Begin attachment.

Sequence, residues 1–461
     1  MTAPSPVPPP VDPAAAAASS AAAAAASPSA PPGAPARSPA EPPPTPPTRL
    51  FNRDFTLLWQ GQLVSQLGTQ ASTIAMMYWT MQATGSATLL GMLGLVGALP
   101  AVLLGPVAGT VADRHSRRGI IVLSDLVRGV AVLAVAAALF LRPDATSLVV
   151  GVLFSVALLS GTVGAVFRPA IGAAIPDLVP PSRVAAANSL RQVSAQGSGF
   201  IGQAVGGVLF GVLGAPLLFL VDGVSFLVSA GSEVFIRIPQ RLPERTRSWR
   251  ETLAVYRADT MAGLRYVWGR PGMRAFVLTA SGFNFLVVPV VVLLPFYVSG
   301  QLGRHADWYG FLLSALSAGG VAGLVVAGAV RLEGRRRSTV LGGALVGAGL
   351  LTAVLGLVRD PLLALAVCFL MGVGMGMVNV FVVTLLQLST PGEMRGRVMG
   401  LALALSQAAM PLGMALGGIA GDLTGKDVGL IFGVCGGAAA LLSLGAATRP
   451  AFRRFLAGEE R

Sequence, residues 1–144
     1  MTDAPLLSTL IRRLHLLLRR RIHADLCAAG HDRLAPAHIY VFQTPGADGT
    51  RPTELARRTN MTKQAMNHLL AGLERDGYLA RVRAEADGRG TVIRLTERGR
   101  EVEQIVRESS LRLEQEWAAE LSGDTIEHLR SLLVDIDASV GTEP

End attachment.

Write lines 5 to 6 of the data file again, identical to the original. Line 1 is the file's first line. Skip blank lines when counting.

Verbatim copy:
   151  GVLFSVALLS GTVGAVFRPA IGAAIPDLVP PSRVAAANSL RQVSAQGSGF
   201  IGQAVGGVLF GVLGAPLLFL VDGVSFLVSA GSEVFIRIPQ RLPERTRSWR